Nürnberg Hauptbahnhof, 15th January 2010
After a trip to the dentist and a tram ride across the city, on which I encountered the scene in the photograph above, I spent several hours today at the computer, answering mails and posting all the blogs that have been collecting in my head over my short holiday, in my notebook and in my lovely, new little netbook .
One of those postings is about how the fashion guru Gok Wan is helping disabled people, mostly women I think, care for their appearance, improve their body image and raise public awareness of disability.
Taking a break from blogging at last, I made a cup of tea and sat down with both the 2010 Guardian Weeklies that arrived together this morning. My attention was caught immediately by the headline of the Weekly Review in the 08.01.10 edition: "Look beyond appearances”.
This is the translation from Lingala of the name of a band from Kinshasa, Congo: Staff Bendi Bilili.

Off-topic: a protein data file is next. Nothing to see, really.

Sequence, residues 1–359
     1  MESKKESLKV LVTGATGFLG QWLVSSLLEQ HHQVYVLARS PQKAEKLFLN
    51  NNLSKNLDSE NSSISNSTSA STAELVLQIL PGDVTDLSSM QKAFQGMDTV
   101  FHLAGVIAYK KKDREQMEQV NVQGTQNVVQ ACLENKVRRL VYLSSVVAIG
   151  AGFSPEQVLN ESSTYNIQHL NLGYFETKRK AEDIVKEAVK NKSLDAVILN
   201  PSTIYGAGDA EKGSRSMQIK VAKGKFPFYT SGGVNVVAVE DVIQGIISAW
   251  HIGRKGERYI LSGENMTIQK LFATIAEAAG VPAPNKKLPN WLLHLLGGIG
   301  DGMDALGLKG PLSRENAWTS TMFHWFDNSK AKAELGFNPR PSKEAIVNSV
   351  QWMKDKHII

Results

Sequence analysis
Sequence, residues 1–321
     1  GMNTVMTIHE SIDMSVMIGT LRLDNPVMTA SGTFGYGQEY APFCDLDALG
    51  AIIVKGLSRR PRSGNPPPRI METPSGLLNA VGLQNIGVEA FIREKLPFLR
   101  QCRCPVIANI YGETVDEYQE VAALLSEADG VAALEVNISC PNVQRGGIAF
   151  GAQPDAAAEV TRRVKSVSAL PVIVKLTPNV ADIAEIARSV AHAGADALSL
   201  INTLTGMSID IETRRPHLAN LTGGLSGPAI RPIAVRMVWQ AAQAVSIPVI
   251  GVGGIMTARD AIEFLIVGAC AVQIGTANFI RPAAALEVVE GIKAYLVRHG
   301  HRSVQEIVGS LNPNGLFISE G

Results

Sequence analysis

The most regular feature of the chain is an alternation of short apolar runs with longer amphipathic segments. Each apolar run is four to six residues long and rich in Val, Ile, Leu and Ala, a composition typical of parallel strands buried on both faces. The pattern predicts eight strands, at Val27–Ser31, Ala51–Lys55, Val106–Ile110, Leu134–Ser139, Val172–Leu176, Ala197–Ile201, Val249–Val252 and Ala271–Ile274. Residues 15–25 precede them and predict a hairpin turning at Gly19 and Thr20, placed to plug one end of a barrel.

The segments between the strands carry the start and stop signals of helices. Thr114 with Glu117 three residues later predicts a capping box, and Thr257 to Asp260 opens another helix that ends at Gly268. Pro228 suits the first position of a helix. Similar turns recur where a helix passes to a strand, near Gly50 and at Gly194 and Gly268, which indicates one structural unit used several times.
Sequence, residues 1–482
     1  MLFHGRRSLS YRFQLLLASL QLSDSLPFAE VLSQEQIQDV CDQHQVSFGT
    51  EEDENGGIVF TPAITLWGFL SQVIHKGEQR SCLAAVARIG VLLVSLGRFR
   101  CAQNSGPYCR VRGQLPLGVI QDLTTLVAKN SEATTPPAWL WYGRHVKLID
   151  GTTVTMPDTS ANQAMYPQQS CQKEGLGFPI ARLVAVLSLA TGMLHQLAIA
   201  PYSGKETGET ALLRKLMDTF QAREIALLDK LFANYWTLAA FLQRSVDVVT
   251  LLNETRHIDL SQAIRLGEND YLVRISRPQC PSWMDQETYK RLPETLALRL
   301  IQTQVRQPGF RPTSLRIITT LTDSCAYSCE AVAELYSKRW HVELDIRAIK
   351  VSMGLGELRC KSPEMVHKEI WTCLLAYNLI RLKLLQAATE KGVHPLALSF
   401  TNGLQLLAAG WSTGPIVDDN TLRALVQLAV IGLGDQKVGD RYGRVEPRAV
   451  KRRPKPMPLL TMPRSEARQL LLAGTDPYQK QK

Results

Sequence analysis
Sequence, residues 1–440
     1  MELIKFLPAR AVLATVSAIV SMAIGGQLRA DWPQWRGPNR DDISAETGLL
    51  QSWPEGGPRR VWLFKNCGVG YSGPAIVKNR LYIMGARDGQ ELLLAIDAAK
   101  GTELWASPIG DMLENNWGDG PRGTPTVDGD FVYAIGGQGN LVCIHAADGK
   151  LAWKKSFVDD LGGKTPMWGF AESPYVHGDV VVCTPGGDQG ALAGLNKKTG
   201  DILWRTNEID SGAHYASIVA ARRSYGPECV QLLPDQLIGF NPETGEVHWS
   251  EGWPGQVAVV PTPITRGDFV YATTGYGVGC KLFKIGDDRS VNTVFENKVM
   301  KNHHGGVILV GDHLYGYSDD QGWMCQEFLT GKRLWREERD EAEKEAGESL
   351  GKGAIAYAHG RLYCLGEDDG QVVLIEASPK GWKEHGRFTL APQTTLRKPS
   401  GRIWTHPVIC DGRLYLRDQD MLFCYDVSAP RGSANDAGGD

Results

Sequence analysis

Look beyond appearances
Looking beyond appearances, this seemed to me quite the opposite to what Gok Wan is doing in his new show.
I read the three-page spread and let my cup of tea get cold!
Staff Bendi Bilili band members have all been left disabled by polio. They have been on tour in Europe and have been presented with awards for their music in Copenhagen. Their first album, recorded mainly on the streets of Kinshasa is called Trés, Trés Fort.
I did a bit of googling and found them on YouTube. At first I listened to what appears to be jamming in the streets and then to a song called Polio, with the words appearing in English on the screen. Polio is a song telling parents to look out for their children, to prevent disability and to care for those with disabilities.
It has quite a punch behind its gentle melody.
The band’s first album was recorded in Kinshasa Zoo, at night to avoid too much traffic noise, as there is no recording studio in the city.
Have a listen for yourself:
Guardian Weekly Review, 08.01.10 -
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